Green Jobs and Workforce Development

Transportation reform has the potential to create green employment opportunities for low-income individuals and communities of color as well as revive struggling regions throughout the state.  As unemployment rates continue to rise as a result of the economic downturn, communities of color in New York are experiencing far worse economic conditions than their white counterparts. In New York City the jobless rate for blacks rose to 14.7 percent in the first quarter of 2009. During the same period the unemployment rate for white New Yorkers rose only moderately to 3.7 percent. The rates among other ethnic groups also disproportionately increased during this time. For Hispanics, the rate rose to 9.3 percent and among Asians and other ethnic classifications, the rate increased to 7.1 percent.

Investments in mass transit increase mobility, reduce pollution and provide steps towards energy independence. Moreover, they can also provide a gateway out of poverty for many left on the sidelines of economic investment and recovery.  It is imperative that job creation target populations currently underrepresented in the labor force.  The previous federal transportation bill (SAFETEA-LU) took steps to address inequities in the hiring process for highway positions. In the “Sense of Congress” amendment to SAFETEA-LU, states were encouraged to hire locally for highway construction projects. This provision recommends that 30 percent of work hours on large projects be reserved for low-income people, ex-offenders, women and minorities.  However, encouragement is not enough – a percentage of local hiring must be a requirement for transit and highway projects.

Public transportation yields a significant economic return. The American Public Transportation Association (APTA) reports that $1 billion invested into transit generates 30,000 new jobs. Moreover, many of these transit investments not only engender opportunities for local residents in the short run, but also create long term high quality employment options.  “Of the 350,000 people directly employed by public transportation systems, more than 50 percent are operators or conductors. In addition, 10,000 to 20,000 professionals work under contract to public transportation systems or are employed by companies and government offices that support these systems. Thousands of others are employed in related services (i.e. engineering, manufacturing, construction, retail, etc.)”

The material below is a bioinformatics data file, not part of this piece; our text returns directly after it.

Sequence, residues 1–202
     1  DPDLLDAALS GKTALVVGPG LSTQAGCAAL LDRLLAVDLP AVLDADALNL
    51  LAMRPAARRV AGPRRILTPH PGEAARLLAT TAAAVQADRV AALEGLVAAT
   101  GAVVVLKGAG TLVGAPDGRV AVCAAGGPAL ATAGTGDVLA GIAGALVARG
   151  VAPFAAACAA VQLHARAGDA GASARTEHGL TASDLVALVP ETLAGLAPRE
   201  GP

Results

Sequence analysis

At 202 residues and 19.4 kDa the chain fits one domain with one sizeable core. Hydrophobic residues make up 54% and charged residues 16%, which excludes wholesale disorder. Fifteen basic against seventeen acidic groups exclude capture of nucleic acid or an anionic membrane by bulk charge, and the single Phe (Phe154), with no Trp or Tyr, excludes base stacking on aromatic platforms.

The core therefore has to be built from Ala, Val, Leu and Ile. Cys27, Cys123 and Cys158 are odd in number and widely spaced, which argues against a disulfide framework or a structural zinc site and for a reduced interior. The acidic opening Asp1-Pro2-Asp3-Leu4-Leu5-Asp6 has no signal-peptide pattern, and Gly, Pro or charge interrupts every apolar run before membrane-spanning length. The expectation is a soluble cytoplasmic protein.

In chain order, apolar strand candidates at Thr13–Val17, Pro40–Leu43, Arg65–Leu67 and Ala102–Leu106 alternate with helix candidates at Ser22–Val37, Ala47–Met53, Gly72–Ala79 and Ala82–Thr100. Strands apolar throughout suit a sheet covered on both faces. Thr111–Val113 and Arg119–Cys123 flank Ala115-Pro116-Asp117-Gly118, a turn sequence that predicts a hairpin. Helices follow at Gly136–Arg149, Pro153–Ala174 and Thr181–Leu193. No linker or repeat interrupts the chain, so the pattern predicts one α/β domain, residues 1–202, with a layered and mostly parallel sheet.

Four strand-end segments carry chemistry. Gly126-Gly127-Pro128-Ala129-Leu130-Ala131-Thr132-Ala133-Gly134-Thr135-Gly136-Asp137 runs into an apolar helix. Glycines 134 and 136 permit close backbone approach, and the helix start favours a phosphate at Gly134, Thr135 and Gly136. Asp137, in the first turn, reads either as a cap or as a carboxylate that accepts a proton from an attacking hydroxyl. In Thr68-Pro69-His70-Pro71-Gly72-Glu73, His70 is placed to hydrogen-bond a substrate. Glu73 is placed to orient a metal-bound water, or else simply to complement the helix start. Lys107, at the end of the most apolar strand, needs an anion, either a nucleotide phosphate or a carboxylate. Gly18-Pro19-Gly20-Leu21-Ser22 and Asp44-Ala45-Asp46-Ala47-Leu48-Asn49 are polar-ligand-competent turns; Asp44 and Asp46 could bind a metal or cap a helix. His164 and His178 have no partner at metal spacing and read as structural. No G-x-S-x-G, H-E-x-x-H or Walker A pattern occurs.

As the demand for mass transit increases, so too will the demand for jobs associated with the transportation system.  Through local hiring, people facing traditionally high levels of unemployment would be able to find work in areas such as construction, maintenance, as engineers, rail layers, rail conductors and dispatchers.

Green jobs are a being discussed and debated in cities and towns throughout the country as well as in the halls of Capitol Hill. Jobs generated from investments in transportation are green jobs if they help create and maintain transit infrastructure reducing our carbon footprint and improving air and water quality. They are equitable if they provide access and opportunity for the citizens of this country and can also be a conduit to get communities and individuals out of poverty and into the workforce.

Resources:

New York Times

http://transportationequity.org/index.php?option=com_content&task=view&id=107&Itemid=5

http://www.transact.org/library/factsheets/jobs.asp

-American Public Transportation Association Public Transportation: Benefits for the 21st Century
http://www.apta.com/research/info/online/images/21st/graph_1.jpg

– Economic Development Research, APTA updated “Job Impacts of Spending On Public Transportation,” 2009.